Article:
Monday, July 15, 2024

New energy-harvesting wearable device made from recycled waste

E-waste or electronic waste produced by plastic, toxic, and semiconducting components of existing electronic devices is dramatically increasing environmental pollution. When it is dumped into landfills, toxic materials can seep into the soil and groundwater, affecting not only our health but also land and sea animals.

To overcome these issues, the use of eco-friendly materials for designing such devices is attaining much attention. Researchers at the University of Surrey have unveiled a new wrist device made of discarded paper wipes and plastic cups that runs on energy harvested by the wearer’s movements. The team is now focusing on plans to use the technology in smartwatches.

“It won’t be long until we have to ask ourselves which of the items we own are not connected to the internet. However, the current internet-of-things (IoT) revolution highlights the simple fact that our planet doesn’t have the raw resources to continue to make these devices which are in such high demand,” said Dr. Bhaskar Dudem, project lead and Research Fellow at the University of Surrey’s Advanced Technology Institute (ATI).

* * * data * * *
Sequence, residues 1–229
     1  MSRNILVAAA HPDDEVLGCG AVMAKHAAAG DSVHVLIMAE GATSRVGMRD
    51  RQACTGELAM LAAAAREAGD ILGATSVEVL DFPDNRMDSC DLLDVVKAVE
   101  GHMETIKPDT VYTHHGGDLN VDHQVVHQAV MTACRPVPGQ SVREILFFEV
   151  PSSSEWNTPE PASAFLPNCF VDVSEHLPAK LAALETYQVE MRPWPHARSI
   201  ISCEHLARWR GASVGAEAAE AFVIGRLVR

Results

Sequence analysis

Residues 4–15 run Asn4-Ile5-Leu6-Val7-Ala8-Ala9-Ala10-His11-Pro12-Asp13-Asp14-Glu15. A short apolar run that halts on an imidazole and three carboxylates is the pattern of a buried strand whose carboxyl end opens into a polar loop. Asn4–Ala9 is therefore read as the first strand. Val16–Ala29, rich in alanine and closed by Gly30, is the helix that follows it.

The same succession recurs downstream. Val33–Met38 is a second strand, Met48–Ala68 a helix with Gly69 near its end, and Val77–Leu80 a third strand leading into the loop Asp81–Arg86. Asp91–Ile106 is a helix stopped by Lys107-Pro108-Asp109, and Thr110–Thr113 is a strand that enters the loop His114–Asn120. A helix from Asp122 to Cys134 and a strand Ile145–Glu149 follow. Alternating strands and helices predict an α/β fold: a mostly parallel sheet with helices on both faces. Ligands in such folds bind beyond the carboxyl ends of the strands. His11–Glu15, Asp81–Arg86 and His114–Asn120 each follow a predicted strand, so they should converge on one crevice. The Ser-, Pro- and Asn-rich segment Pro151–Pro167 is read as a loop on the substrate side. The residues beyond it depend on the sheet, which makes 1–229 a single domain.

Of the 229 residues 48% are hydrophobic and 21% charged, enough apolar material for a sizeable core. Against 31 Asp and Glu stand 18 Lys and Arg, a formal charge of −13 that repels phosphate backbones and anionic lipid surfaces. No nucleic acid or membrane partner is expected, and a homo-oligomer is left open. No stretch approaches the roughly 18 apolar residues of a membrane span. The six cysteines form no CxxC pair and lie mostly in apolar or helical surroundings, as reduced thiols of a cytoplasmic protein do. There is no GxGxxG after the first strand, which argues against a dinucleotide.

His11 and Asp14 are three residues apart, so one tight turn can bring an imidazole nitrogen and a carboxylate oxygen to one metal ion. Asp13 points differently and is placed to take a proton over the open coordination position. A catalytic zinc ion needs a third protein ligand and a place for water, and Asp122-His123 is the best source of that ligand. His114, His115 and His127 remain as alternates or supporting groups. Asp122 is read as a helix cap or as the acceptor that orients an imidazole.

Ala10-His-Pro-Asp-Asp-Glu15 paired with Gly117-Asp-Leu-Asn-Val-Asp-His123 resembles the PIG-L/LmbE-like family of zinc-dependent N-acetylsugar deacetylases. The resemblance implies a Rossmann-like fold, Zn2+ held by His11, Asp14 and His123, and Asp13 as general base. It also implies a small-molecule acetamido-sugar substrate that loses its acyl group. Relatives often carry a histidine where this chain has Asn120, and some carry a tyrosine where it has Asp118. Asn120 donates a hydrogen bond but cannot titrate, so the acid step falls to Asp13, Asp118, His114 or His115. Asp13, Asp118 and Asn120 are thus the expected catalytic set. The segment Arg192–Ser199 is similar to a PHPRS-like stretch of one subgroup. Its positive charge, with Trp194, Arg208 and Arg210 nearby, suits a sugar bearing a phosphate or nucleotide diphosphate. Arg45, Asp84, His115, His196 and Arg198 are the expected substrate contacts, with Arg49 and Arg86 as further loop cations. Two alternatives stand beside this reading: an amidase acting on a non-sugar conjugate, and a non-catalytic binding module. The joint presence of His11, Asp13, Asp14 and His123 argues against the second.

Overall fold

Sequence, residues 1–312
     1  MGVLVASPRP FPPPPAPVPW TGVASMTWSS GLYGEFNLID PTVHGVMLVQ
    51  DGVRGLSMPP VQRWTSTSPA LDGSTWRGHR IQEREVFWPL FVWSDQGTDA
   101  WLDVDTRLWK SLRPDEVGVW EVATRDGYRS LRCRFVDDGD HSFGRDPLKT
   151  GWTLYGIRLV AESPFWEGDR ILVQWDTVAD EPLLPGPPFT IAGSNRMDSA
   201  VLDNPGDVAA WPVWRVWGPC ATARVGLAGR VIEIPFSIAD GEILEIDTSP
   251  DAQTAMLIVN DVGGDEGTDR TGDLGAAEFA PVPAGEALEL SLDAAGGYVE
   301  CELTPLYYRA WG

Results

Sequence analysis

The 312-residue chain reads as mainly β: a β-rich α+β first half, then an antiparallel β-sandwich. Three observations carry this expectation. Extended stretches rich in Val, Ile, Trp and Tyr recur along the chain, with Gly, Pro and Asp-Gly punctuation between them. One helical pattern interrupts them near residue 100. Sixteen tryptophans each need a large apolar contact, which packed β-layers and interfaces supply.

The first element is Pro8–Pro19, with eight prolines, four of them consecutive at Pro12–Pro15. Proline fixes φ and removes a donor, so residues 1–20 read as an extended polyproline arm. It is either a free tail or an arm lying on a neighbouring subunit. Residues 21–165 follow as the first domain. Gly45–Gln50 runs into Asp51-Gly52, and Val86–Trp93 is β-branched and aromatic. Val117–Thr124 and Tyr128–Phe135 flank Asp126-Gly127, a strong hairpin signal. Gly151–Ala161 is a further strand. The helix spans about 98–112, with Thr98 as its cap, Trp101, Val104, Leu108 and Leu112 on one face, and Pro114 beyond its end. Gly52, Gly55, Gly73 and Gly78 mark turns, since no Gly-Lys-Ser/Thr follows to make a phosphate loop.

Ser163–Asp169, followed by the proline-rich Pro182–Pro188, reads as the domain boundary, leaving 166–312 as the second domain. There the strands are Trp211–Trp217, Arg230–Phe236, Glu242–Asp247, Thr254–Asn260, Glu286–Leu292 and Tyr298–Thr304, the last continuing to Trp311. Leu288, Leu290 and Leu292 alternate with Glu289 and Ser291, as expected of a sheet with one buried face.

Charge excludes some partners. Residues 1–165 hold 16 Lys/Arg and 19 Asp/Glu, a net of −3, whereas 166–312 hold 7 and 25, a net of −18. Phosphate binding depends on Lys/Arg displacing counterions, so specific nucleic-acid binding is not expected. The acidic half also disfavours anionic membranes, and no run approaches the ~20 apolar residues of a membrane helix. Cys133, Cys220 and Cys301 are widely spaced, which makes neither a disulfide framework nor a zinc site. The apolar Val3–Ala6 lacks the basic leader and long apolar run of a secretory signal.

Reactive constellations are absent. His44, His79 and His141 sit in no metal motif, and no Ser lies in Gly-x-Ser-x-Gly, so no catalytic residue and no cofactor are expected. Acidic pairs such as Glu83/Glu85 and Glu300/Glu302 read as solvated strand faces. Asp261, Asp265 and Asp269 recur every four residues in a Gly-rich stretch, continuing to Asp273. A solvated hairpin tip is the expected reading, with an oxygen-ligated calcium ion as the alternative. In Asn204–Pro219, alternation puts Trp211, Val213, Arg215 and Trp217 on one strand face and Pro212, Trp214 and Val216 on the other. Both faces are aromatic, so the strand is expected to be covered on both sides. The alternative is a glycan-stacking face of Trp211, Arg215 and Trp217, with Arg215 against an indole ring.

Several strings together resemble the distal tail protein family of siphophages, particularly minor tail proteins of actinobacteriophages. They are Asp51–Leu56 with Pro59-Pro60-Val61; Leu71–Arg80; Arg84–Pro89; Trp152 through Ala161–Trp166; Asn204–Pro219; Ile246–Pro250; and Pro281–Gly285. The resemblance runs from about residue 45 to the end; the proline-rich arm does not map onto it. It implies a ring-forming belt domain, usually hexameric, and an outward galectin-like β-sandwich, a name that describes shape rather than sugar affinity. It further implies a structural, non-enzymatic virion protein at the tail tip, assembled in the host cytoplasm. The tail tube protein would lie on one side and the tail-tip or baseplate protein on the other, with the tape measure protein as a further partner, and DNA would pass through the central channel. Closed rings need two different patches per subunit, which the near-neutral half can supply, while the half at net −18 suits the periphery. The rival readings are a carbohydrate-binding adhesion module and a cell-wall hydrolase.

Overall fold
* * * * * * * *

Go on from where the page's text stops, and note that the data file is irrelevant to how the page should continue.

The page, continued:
Wearable triboelectric nanogenerator from waste materials for autonomous information transmission via Morse Code.
Wearable triboelectric nanogenerator from waste materials for autonomous information transmission via Morse Code. Credit: ACS Applied Materials & Interfaces (2022)

The wearable device is ‘self-powered’ thanks to materials that become electrically charged after they come into contact with one another. These materials, also known as Triboelectric Nanogenerators (TENGs), use static charge to harvest energy from movement through a process called electrostatic induction. The TENG is constructed from plastic waste and carbon-coated paper wipes collected from a waste bin.

The team initially concentrated on proving the functionality of the recycled TENG itself, showing it could generate enough energy to power low-power electronic devices. Later, the device was used to generate a Morse code from a wearable for autonomous communication. With further redesigning, a 9-segment keyboard is developed using nine-TENGs, connected to an Arduino controller to display the 9-segment actuation on a computer screen.

The device is expected to have an impact on future self-powered sensors and internet of things systems. The developers believe their energy-harvesting wearable device could be a future game-changer for the consumer, medical and security sectors.

“The core mission of the Advanced Technology Institute is to help build a world where clean energy is available to all. Our energy-harvesting technology embodies this key mission, and we stand ready to work with industry to ensure this technology reaches its full potential,” said Professor Ravi Silva, Director of ATI at the University of Surrey.